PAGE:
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Pope used derogatory term for gay men, reports claim

todayMay 28, 2024 1

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Pope used derogatory term for gay men, reports claim

The Pope used a highly offensive word towards gay men as he reaffirmed his stance that they should not be priests, Italian media has reported.

Pope Francis is believed to have made the remark in a closed-door meeting with bishops, according to the country’s largest daily newspapers La Repubblica and Corriere della Sera.

Both quoted the Pope as describing priesthood colleges as already too full of “frociaggine” – a highly offensive Italian slur.

The Vatican has not commented on the reports.

Pope Francis baptises a man during the Easter Vigil in Saint Peter's Basilica at the Vatican, March 30, 2024. REUTERS/Yara Nardi

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Pic: Reuters


The incident is said to have happened on 20 May, as first reported by political gossip website Dagospia, when the Italian Bishops Conference held a private meeting with the Pope.

La Repubblica based its story on several unspecified sources, while Corriere cited unnamed bishops, who suggested the Pope, an Argentinian, might have not realised the Italian term is offensive.

“It’s all the fault of some bishop who broke his mandate of silence to report the gaffe that occurred last week,” reported Il Messaggero, a national paper based in Rome.

According to the paper, the Pope’s comments came during an informal Q&A session at the annual bishops’ meeting which was attended by over 200 members of the clergy.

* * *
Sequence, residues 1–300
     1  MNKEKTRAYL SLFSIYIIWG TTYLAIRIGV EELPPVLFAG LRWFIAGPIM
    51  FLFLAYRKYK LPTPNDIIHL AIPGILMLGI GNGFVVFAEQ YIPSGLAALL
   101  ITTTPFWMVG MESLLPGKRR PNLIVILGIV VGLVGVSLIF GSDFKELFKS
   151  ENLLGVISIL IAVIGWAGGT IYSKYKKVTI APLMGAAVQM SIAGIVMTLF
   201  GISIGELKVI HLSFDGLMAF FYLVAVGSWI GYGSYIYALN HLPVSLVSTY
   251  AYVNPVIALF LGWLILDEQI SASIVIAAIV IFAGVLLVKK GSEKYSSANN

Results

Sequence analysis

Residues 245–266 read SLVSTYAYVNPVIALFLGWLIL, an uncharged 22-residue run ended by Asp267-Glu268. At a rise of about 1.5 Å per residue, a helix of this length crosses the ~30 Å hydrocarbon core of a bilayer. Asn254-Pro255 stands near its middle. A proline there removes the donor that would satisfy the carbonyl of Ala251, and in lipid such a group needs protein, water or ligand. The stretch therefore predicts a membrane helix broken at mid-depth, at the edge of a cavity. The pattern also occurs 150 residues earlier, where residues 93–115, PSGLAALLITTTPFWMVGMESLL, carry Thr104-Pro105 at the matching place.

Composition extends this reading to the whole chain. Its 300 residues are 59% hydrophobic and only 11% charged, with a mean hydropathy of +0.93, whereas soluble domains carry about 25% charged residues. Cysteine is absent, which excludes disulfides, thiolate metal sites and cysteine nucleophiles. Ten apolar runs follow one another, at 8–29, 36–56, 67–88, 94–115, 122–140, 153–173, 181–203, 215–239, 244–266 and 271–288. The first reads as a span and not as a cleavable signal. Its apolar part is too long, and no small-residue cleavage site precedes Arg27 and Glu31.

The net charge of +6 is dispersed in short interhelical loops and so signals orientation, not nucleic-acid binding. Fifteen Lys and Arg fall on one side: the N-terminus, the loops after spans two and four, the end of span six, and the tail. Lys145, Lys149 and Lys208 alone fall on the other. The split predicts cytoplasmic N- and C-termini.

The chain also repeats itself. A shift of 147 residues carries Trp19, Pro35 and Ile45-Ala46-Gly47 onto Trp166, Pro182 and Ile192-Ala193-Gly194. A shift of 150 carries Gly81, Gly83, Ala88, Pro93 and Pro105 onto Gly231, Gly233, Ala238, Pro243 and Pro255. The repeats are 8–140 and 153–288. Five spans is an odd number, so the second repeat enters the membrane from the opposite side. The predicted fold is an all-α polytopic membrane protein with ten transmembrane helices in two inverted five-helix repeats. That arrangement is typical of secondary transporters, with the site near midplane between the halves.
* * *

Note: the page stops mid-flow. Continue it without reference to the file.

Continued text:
The Pope, 87, has been credited with leading the Roman Catholic Church into taking a more welcoming approach towards the LGBT+ community.

Fears Pope’s good work undone

​When he became Pope, back in 2013, Francis signalled a more tolerant, welcoming attitude to the LGBT+ community, saying: “If a person is gay and seeks God, and has goodwill, who am I to judge?”

He sparked a furious response among some conservative followers by allowing priests to bless same-sex couples last year.

There were whispers that he might be thinking of allowing gay men to become priests, as long as they remained celibate.

Now, that idea has been dismissed, and the Pope’s crude language has reverberated.

Make no mistake – the term allegedly used by Pope Francis is extremely – and obviously – offensive. It seems hard to believe he could have used it by accident.

We are told there is now embarrassment within the Vatican and fear that good work has been undone.

But, a week after he was reported to have used this crude term, the Pope has not issued a statement, much less an apology.

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At the start of his papacy in 2013, he said: “If a person is gay and seeks God and has good will, who am I to judge?”

Last year, he allowed priests to bless same-sex couples, triggering significant conservative backlash.

But in 2018, he told Italian bishops to carefully vet priesthood applicants and reject anyone suspected of being gay.

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In a 2005 document, during Benedict XVI’s papacy, the Vatican said the church could admit into the priesthood those who had overcome gay tendencies for at least three years.

The document said those with “deep-seated” gay tendencies and those who “support the so-called gay culture” should be barred.

Written by: Newsroom

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